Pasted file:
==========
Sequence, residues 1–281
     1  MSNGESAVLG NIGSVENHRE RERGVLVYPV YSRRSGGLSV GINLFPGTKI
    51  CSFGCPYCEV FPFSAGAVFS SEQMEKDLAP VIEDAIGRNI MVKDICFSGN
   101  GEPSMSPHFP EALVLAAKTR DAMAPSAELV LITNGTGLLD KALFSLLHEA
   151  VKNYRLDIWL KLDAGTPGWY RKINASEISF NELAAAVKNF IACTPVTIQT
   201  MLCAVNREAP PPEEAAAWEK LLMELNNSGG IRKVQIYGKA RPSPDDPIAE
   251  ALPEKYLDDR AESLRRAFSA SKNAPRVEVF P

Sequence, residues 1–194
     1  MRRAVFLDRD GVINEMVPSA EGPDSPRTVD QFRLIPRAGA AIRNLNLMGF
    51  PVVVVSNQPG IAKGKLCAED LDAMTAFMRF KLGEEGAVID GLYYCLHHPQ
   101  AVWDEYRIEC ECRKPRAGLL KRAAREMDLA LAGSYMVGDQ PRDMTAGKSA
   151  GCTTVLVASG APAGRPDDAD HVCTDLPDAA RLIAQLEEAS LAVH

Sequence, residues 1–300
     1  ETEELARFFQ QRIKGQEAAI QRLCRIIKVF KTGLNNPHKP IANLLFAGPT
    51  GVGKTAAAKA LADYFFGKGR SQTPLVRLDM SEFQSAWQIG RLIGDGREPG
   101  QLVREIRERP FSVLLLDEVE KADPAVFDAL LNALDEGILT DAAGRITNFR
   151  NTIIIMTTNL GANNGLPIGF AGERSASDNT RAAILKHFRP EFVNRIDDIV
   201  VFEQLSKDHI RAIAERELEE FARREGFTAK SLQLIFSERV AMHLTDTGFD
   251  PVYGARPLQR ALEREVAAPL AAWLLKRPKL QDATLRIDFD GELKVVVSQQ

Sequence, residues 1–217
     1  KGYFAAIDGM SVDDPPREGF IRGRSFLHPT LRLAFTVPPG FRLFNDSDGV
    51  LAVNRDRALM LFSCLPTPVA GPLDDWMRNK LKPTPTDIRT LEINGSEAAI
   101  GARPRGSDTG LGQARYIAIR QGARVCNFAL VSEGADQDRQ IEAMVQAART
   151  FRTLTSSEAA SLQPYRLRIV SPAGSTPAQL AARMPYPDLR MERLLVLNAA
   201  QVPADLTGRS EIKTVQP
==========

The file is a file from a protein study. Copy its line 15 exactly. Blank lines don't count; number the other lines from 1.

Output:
    51  GVGKTAAAKA LADYFFGKGR SQTPLVRLDM SEFQSAWQIG RLIGDGREPG